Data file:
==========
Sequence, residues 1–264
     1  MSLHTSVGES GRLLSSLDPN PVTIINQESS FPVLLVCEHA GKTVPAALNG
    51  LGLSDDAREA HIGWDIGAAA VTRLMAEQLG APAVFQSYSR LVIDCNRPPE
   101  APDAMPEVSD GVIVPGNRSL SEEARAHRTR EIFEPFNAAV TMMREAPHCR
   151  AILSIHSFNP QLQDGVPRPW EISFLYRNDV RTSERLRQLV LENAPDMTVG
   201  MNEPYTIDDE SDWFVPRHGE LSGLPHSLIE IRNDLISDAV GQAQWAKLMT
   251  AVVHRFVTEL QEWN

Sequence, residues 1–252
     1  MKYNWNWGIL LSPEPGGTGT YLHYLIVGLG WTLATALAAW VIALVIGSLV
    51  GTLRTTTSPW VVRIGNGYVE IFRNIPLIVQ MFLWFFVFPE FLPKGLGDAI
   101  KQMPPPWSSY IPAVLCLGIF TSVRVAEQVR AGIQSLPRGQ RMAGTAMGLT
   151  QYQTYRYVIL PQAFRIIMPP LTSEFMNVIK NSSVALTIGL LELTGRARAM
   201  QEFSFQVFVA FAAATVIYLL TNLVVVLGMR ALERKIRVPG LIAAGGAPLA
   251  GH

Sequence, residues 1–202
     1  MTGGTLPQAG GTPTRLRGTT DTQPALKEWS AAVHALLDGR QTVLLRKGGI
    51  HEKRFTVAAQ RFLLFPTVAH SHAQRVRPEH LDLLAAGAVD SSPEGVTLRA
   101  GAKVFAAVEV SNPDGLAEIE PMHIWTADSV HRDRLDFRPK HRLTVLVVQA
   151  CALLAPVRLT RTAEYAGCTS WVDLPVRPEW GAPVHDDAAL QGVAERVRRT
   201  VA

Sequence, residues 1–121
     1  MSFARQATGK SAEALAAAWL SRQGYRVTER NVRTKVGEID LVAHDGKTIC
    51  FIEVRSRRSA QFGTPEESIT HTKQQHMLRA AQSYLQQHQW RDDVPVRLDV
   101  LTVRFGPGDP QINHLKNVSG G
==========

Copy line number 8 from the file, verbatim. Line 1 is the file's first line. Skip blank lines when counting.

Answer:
Sequence, residues 1–252